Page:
Stalker Heaven: Snap a Picture, Get an Identification

I’m generally someone who lives a very public existence and suggests that most people get used to that notion.  Google, however, is about to test our limits here.  They’re apparently about to introduce a mobile application comparable to their existing Goggles but instead of identifying places, it identifies people. [UPDATE:  Google denies working on such an app or at least terms it speculative.  In any instance, my observations below stand.]   Even to me, this one is creepy.  They’re already defending it by saying the default is “opt out” and that users must explicitly choose to share their pictures and information.  I have so many problems with this approach that I can’t begin to address them all.  But here are just a few:

  • “Informed consent” is only reasonable where the individual involves is making an “informed” decision.  Are people really going to read the fine print before they opt in?  Of course not.  And even if they did, is Google going to manage things in a “do you really want to do this” fashion or are they going to say “great, you agreed, let’s move on and forget about what you’ve really just done here.”  They’ll do nothing to discourage participation.
  • These things are a moving target.  Remember when you signed up for Facebook?  If it was more than a year ago, your privacy options were fairly limited then.  Only under extreme scrutiny and now the threat of governmental intervention has Facebook made its changes and defaults more open and user-friendly.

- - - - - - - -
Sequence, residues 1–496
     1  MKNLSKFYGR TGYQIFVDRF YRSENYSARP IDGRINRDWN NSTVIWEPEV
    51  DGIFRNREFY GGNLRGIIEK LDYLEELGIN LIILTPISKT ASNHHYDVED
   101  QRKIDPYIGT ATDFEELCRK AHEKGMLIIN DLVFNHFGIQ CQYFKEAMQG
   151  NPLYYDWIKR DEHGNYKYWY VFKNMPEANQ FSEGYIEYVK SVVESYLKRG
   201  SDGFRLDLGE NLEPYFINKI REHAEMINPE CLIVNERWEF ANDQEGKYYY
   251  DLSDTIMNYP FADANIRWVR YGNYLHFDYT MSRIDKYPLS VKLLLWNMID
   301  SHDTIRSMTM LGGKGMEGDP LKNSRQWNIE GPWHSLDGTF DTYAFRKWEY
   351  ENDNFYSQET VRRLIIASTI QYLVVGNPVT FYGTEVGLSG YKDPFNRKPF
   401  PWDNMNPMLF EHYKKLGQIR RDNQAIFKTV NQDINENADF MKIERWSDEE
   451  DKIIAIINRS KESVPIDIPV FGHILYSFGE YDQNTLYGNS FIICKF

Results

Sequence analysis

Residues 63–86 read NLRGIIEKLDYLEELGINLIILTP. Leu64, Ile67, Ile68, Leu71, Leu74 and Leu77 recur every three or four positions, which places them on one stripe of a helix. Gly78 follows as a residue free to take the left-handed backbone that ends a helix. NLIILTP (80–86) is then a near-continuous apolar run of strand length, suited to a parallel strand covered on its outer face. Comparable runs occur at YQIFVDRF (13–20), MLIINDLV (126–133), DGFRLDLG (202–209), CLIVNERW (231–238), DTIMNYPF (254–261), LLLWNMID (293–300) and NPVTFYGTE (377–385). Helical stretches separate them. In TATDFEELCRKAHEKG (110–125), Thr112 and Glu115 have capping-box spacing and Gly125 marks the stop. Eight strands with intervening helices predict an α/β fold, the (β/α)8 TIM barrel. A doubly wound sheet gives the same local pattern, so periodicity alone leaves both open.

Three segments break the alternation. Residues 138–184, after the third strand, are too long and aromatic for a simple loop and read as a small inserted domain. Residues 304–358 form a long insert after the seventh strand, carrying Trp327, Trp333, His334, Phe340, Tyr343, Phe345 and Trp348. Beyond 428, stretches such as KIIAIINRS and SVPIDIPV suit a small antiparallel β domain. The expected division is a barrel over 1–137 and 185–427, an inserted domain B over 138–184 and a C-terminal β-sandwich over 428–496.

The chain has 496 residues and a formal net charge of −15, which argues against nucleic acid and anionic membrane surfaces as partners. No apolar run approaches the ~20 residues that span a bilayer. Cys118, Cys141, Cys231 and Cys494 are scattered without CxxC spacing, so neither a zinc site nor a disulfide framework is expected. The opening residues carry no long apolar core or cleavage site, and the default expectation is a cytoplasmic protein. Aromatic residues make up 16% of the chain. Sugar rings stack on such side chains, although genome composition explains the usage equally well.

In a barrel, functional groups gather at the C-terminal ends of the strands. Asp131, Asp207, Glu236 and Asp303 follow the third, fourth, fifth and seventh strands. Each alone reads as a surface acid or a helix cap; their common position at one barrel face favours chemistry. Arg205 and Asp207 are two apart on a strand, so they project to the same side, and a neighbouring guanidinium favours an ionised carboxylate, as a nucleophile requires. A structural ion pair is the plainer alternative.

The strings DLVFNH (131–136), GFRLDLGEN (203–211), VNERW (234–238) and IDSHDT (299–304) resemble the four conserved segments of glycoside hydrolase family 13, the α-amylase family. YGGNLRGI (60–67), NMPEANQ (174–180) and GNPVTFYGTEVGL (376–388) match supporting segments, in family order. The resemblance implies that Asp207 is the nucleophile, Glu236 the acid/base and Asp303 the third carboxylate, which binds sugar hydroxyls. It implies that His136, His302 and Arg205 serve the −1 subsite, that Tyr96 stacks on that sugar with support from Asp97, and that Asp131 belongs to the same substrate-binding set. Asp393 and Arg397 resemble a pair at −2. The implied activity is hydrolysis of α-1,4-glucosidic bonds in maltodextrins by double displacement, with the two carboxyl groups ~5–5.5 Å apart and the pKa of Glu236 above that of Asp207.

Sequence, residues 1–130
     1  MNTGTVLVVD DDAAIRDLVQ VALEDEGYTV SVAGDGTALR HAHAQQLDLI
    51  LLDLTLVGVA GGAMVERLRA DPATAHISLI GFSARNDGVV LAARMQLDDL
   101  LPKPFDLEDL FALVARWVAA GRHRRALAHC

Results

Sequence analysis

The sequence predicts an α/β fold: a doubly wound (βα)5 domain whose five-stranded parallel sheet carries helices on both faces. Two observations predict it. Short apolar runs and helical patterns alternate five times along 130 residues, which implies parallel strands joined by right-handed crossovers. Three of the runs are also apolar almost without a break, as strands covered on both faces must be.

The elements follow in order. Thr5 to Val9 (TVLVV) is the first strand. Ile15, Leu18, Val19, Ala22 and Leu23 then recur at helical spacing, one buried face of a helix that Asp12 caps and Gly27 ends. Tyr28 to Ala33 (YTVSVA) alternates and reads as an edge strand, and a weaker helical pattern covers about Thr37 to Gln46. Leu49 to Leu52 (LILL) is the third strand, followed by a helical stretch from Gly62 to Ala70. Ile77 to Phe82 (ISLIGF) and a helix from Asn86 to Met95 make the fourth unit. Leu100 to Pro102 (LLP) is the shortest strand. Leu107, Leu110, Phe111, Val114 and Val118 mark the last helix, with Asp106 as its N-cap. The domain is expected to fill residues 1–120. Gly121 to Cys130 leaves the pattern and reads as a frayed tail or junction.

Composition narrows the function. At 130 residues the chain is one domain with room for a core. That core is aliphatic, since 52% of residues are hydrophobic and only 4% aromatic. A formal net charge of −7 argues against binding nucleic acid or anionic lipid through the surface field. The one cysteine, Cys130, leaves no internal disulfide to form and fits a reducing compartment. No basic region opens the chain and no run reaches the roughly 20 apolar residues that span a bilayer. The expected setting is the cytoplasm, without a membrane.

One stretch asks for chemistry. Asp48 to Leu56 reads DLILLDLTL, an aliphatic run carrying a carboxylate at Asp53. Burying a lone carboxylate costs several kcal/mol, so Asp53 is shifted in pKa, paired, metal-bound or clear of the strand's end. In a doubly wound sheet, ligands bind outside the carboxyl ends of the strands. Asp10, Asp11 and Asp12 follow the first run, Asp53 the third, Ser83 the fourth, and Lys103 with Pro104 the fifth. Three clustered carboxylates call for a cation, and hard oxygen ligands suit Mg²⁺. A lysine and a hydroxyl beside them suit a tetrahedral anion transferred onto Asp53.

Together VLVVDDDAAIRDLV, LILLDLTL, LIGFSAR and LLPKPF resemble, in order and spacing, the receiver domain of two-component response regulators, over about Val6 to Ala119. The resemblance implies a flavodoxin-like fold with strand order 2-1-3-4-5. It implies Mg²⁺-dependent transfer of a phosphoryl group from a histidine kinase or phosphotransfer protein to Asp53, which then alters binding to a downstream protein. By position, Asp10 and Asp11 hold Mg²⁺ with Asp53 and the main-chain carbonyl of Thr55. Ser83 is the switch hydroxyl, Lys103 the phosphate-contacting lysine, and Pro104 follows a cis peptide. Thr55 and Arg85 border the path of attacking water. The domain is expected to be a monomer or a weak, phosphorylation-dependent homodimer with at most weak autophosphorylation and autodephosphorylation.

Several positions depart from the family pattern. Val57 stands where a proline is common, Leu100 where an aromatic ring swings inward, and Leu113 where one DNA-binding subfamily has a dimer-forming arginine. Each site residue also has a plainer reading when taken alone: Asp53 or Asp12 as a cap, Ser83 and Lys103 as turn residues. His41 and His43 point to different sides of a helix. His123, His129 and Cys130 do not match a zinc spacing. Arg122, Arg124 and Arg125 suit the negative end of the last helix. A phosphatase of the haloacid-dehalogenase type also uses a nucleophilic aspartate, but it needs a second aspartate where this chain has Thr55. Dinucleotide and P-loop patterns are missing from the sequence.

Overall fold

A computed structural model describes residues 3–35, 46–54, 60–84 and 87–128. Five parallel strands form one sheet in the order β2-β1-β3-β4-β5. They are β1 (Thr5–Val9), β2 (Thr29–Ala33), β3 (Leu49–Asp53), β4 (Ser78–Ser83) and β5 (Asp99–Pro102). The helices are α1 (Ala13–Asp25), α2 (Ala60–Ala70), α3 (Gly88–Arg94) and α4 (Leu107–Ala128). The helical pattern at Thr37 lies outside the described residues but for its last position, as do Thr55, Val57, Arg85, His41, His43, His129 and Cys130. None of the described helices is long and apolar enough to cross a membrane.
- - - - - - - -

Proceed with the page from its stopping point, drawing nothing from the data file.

• We’re doing things we never thought about when we signed up for a platform.  Facebook at first was about connecting with “friends” and sharing status messages.  We’re now sharing pictures and, even more  intimate, location.  I’ve only friended people on Foursquare (a location-based service) who I care to have know where I happen to be.  I’ve got over a thousand friends on Facebook, some of whom I don’t care to have know where I’ve checked in and where I happen to be.  I’ve set up a group on Facebook called “location OK” and have only included those friends whom I’m comfortable having know where I’m located, and I’ve set my privacy settings on Facebook so that Places check-ins can only be seen by members of that group?  Have you done that?  Do you know anyone else who has done that?  Probably not.  You set up your settings for a use case that may no longer be the case, and haven’t adapted.  This “creeping  incrementalism” has made it easy for you to ignore this stuff.  Managing Facebook and Google is no longer simple.
  • Deep integration.  You have no idea how much information you’re sharing across networks.  Every time you click “allow” to sign in with Facebook or Twitter, you’ve set up a data-sharing arrangement that goes well beyond what you ever intended.  Go look at your Twitter and Facebook settings and see how many people you’ve enabled to have access to your data and credentials.  I’ll bet you don’t even know what half of the things you’ve got in there are.  When I sign in like this, I change their default setting so that the approval is good for one day only.  Of course the default is “until revoked” which is polite language for saying “forever, because you’ll forget about this 10 seconds after you clicked it.”